Sen. Sullivan in favor of Clinton impeachment trial rules

FAIRBANKS, Alaska. (KTVF) U.S. Senators are preparing for an impeachment trial as they await the house sending over the articles of impeachment for President Donald Trump.

President of the United States Donald Trump speaking at the 2017 Conservative Political Action Conference (CPAC) in National Harbor, Maryland. (Photo courtesy of Gage Skidmore)

“This is one of the most kind of severe and extraordinary constitutional remedies that we have in our constitutional system of government,” said Senator Dan Sullivan.

Sullivan is one of Alaska's two senators and says he takes his role in the trial very seriously, referencing that it is only the third impeachment trial in the Senate in U.S history.

"I want to assure all Alaskans that I've been very focused not just on reading on the history, the federalist papers again, previous speeches, previous trials... I’ve been very focused on that. It's my view that it's important to have fair and impartial hearing procedures in the U.S. Senate," said Sullivan.

Sullivan does not believe the U.S. House has been fair and impartial. “What we just witnessed in the house was... I don’t think this is an opinion, I think this is a historical fact... the most rushed, the most unfair as it relates to the defendant relative to other impeachment trials and certainly the most partisan impeachment in U.S. history,” said Sullivan.

When it comes to what rules they should use for the trial, Sullivan believes they should follow the rules of the President Clinton impeachment trial. “They enable the presenters of the impeachment to come before the Senate, I think it was about 15 or 20 hours to present their case. So let the house democrats present their case in this case; and then let the defendant, essentially the President and his team, come before the Senate, same amount of time, say about 20 hours, to defend their case. That is what happened in the Clinton case. Then you allow Senators to ask questions for again a certain amount of time that they ask questions through the chief justice. The chief justice presdies over the impeachment and then at that point you look at whether you need additional witnesses, additional evidence,” said Sullivan.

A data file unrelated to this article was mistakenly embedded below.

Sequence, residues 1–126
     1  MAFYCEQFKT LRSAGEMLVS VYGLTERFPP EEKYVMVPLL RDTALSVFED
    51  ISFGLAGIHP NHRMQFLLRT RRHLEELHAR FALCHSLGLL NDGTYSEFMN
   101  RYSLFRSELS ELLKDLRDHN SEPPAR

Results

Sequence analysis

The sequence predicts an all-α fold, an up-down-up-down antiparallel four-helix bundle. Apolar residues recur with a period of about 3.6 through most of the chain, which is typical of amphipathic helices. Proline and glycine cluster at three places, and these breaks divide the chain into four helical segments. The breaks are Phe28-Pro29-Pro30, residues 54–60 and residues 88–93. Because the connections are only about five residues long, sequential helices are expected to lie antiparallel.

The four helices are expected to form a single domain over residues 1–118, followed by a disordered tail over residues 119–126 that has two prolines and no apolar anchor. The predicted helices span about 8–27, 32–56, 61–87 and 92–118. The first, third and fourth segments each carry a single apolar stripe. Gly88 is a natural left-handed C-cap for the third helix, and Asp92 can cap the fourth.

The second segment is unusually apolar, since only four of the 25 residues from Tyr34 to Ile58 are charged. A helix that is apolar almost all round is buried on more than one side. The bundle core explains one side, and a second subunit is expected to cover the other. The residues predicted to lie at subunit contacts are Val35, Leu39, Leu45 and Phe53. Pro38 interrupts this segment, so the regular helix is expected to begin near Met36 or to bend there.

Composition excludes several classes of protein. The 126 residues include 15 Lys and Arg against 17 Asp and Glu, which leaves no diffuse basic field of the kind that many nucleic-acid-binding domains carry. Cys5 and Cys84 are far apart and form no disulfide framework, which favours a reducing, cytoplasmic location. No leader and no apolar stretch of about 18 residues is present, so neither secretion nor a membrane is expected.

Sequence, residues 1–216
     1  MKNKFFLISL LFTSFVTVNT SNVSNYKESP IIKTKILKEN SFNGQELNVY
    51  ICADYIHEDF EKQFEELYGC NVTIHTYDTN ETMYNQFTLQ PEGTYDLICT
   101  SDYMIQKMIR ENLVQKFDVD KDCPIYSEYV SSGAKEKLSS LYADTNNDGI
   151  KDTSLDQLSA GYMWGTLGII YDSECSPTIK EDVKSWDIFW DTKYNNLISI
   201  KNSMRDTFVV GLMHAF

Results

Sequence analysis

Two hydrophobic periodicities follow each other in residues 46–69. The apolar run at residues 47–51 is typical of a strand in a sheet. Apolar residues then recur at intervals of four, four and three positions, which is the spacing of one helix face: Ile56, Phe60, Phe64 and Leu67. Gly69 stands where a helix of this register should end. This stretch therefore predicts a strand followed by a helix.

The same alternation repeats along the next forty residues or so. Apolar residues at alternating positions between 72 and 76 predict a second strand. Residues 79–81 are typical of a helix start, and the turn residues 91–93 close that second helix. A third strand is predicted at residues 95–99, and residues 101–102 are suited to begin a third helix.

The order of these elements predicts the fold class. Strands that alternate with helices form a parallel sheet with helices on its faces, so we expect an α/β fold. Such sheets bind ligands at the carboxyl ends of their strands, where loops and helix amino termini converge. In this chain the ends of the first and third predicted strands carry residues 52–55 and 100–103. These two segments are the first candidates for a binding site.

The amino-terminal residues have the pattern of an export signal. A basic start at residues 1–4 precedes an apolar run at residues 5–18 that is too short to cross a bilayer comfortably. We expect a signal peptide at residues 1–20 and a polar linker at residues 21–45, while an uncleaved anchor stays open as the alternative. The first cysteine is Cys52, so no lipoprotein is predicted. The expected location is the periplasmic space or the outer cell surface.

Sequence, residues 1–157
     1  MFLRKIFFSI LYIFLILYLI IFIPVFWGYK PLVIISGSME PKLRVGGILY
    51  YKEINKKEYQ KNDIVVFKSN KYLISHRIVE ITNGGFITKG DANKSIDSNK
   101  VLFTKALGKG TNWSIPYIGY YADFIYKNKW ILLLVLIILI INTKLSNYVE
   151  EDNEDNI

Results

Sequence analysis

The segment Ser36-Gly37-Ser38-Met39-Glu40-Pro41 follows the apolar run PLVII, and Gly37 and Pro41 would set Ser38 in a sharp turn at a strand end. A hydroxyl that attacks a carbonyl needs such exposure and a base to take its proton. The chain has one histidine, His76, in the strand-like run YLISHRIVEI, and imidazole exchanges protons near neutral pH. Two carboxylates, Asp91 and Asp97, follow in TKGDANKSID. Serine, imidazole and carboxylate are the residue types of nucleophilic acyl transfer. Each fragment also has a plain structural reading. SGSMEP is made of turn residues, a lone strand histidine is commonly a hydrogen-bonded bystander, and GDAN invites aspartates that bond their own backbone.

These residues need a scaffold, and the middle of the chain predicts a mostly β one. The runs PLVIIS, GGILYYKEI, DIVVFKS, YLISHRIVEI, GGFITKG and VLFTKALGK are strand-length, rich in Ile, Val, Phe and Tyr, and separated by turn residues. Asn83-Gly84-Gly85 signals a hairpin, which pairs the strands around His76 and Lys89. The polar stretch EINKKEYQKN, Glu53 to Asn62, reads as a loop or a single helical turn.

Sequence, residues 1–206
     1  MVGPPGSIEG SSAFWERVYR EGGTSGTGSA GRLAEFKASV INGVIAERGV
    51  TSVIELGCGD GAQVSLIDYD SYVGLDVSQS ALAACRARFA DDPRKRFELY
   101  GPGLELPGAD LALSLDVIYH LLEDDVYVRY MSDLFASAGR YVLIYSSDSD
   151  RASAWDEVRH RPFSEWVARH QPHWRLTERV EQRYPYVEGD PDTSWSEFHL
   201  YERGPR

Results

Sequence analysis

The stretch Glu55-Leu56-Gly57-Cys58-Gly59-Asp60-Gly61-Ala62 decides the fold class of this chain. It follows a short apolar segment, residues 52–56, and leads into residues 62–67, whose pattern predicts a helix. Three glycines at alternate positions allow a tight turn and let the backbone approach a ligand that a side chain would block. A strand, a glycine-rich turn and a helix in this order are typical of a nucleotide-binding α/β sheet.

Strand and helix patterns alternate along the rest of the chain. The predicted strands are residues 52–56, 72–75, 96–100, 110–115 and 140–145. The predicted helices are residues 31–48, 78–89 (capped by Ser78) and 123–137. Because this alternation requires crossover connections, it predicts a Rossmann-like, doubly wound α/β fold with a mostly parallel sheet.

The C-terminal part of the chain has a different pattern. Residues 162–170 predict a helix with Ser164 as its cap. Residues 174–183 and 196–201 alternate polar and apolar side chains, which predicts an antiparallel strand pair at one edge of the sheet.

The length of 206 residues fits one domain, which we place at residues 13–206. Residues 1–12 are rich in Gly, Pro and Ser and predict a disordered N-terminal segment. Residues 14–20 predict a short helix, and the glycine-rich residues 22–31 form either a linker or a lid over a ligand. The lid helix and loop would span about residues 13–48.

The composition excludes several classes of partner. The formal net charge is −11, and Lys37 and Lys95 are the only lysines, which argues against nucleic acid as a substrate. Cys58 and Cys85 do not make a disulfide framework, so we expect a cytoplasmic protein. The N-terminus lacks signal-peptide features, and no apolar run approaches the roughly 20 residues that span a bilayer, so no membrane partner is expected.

Sullivan also said he is worried about setting a precedent. “I don’t think we want to have a precedent that every time there is a new house that is of one party with a new president that is of another party that you move forward on impeachment. That is not what the founders envisioned, I think it would cause massive dysfunction in our ability as a constitutional republic to move forward,” said Sullivan.

Senator Lisa Murkowski has previously said that she desires a full and fair process, also potentially using President Clinton's impeachment hearing as a template.

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